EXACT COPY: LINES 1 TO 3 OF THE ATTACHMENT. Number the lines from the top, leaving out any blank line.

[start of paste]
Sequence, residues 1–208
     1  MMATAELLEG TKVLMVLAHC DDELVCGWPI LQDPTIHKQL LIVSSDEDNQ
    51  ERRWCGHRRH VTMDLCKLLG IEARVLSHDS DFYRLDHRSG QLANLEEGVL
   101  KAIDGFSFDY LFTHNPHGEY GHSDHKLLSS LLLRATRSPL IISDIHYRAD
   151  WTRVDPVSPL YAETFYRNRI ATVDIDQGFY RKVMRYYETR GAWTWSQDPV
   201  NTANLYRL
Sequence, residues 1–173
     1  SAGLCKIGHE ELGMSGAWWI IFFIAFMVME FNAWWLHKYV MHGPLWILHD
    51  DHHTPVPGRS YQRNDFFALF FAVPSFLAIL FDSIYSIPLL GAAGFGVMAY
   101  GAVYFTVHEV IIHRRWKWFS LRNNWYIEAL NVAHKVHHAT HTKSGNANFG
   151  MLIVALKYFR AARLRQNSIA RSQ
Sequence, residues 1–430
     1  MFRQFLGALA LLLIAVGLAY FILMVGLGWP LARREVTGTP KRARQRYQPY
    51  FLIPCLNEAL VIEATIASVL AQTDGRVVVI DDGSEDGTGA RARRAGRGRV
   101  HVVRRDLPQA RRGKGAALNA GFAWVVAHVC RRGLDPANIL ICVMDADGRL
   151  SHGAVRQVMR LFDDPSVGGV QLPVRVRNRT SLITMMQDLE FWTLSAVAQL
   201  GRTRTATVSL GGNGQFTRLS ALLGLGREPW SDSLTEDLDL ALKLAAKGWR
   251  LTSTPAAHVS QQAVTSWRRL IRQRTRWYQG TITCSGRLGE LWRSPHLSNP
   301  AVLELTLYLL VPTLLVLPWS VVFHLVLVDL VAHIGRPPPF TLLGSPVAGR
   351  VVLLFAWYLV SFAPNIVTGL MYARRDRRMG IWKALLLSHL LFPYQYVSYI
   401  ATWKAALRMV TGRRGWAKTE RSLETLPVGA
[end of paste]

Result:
Sequence, residues 1–208
     1  MMATAELLEG TKVLMVLAHC DDELVCGWPI LQDPTIHKQL LIVSSDEDNQ
    51  ERRWCGHRRH VTMDLCKLLG IEARVLSHDS DFYRLDHRSG QLANLEEGVL